Projects

INS Analysis and Navigation in GPS Restricted Environments

Sponsors:

Description:

The GPS and Vehicle Dynamics Lab at Auburn University is currently working in development and analysis of navigation systems that provide robust solutions to vehicle state when GPS information is fully or partially unavailable. Part of this research focuses on the purely dead-reckoning solution with an Inertial Measurement Unit (IMU), such as when GPS information is fully unavailable. As the IMU output must be numerically integrated to ascertain vehicle attitude, position, and velocity, the uncertainty in these states grow with time. Current work involves development of analytical and empirically-derived expressions that describe the characteristic error growth of the integrated IMU in the dead-reckoning navigation scenario. Knowledge of the error growth as a function of known sensor specifications provides a firm quantification of the accuracy vs. time of the vehicle state when GPS is fully unavailable.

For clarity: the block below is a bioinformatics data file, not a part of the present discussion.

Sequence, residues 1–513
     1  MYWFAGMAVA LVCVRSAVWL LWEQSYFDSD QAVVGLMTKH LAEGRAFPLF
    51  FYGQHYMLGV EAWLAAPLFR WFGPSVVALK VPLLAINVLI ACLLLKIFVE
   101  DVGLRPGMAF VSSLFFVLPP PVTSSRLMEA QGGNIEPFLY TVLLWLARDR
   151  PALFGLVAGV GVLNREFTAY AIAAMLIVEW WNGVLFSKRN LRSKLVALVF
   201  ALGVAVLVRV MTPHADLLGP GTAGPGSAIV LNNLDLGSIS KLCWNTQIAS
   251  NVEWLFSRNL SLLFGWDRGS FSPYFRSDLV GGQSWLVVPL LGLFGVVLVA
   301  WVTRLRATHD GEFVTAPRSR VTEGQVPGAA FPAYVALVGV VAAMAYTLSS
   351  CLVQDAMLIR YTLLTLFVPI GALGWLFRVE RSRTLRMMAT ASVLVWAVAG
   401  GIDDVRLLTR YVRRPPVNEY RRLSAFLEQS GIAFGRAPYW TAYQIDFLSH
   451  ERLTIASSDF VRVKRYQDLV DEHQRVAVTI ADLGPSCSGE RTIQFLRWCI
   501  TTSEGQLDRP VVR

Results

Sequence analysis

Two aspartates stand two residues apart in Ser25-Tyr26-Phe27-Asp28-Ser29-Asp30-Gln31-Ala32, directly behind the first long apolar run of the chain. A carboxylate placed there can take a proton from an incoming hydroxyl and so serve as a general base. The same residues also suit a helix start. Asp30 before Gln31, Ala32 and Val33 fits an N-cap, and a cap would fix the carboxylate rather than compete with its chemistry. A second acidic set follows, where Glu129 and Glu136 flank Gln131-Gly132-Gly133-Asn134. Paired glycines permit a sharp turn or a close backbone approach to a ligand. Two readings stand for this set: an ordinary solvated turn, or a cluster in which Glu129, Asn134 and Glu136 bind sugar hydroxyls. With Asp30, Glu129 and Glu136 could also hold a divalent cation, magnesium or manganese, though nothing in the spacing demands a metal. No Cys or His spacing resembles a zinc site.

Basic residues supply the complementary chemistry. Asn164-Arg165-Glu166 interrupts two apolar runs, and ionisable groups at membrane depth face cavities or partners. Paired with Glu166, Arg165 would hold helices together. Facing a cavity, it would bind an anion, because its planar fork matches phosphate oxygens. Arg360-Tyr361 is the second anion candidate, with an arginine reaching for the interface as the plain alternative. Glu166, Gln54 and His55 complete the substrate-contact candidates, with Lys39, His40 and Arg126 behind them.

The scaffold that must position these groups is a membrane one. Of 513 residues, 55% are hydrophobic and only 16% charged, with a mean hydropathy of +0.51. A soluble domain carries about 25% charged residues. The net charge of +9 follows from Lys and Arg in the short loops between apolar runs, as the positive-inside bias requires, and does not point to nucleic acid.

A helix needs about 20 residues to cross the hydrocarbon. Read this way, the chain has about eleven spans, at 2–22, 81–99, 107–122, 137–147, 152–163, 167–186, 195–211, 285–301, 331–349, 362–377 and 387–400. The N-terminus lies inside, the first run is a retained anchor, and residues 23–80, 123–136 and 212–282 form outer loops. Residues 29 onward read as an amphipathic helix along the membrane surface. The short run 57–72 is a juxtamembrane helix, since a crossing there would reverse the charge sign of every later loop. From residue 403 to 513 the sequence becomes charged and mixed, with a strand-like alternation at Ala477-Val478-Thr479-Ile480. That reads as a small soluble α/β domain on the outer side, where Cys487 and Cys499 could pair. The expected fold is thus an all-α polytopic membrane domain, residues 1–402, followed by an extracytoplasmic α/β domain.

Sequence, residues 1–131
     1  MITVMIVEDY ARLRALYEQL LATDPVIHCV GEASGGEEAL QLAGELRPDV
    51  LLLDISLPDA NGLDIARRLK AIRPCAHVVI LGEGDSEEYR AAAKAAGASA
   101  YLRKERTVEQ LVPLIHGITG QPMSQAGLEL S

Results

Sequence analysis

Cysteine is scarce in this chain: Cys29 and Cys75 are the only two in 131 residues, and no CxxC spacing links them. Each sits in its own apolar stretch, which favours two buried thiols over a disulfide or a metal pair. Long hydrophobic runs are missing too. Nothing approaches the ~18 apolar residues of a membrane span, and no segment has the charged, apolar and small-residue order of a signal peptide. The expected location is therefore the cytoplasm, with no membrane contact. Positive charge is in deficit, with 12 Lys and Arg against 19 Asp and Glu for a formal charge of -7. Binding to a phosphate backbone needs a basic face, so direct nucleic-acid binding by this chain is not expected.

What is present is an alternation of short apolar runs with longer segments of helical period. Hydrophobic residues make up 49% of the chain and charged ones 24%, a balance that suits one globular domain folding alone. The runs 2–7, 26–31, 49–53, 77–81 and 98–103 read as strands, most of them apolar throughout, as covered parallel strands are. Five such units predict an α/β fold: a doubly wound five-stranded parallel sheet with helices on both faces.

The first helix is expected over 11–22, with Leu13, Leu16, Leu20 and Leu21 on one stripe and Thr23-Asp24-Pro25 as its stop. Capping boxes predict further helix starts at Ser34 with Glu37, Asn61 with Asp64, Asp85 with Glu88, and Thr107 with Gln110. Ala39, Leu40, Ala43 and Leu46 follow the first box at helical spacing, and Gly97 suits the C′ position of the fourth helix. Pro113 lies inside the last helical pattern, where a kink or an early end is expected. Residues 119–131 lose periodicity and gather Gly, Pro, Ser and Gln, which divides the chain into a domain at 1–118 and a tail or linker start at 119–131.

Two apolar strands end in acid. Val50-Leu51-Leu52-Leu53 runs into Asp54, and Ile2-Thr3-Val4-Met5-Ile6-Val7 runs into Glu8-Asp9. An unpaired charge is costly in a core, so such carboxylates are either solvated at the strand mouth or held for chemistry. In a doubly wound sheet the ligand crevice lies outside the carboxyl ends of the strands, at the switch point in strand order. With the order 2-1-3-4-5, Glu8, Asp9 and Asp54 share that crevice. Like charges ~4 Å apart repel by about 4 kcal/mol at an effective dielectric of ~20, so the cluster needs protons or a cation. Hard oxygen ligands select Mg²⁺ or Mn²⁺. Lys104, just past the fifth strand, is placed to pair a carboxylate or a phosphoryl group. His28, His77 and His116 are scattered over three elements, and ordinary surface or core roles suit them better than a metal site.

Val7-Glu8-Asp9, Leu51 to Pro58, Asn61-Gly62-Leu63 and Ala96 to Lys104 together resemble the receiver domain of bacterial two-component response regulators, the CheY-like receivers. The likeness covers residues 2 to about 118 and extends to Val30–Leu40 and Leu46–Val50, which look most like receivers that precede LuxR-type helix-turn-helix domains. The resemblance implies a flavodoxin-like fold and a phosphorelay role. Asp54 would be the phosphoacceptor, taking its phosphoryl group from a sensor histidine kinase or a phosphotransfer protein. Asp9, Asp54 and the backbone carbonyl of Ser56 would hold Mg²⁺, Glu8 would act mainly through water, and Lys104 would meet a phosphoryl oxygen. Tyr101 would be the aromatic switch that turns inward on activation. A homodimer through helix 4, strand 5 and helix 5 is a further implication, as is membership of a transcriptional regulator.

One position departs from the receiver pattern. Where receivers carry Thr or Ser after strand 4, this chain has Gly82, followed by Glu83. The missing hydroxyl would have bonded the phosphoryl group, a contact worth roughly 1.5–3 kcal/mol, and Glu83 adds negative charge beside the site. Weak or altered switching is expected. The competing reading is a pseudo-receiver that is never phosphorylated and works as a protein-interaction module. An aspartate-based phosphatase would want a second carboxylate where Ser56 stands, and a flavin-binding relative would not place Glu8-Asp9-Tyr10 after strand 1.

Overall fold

Existing approaches in software allow the vehicle to integrate partial GPS information with an IMU into a GPS/INS system. GPS/INS system advantages include the aiding of the dead-reckoning solution with partial GPS information such as when less than four satellites are in view. The system providing this benefit is commonly known as the tightly-coupled GPS/INS integration scheme. Auburnís GPS and Vehicle Dynamics Lab has current focus to quantify this more robust approach in different navigation scenarios. This quantification provides an accurate estimate of vehicle navigation performance using the tightly-coupled integration approach. An array of test-bed vehicles and various grade GPS and INS systems are available within the lab to test the advanced algorithms in GPS-restricted environments both in post-processing and real-time.

Figure 1:

Figure1

Inertial Measurement Integration Error Growth for KVH-5000 Fiber Optic Gyro

Figure 2:

Figure2

Attitude Error for Integrated IMU data for simulated consumer-grade inertial measurements

Papers: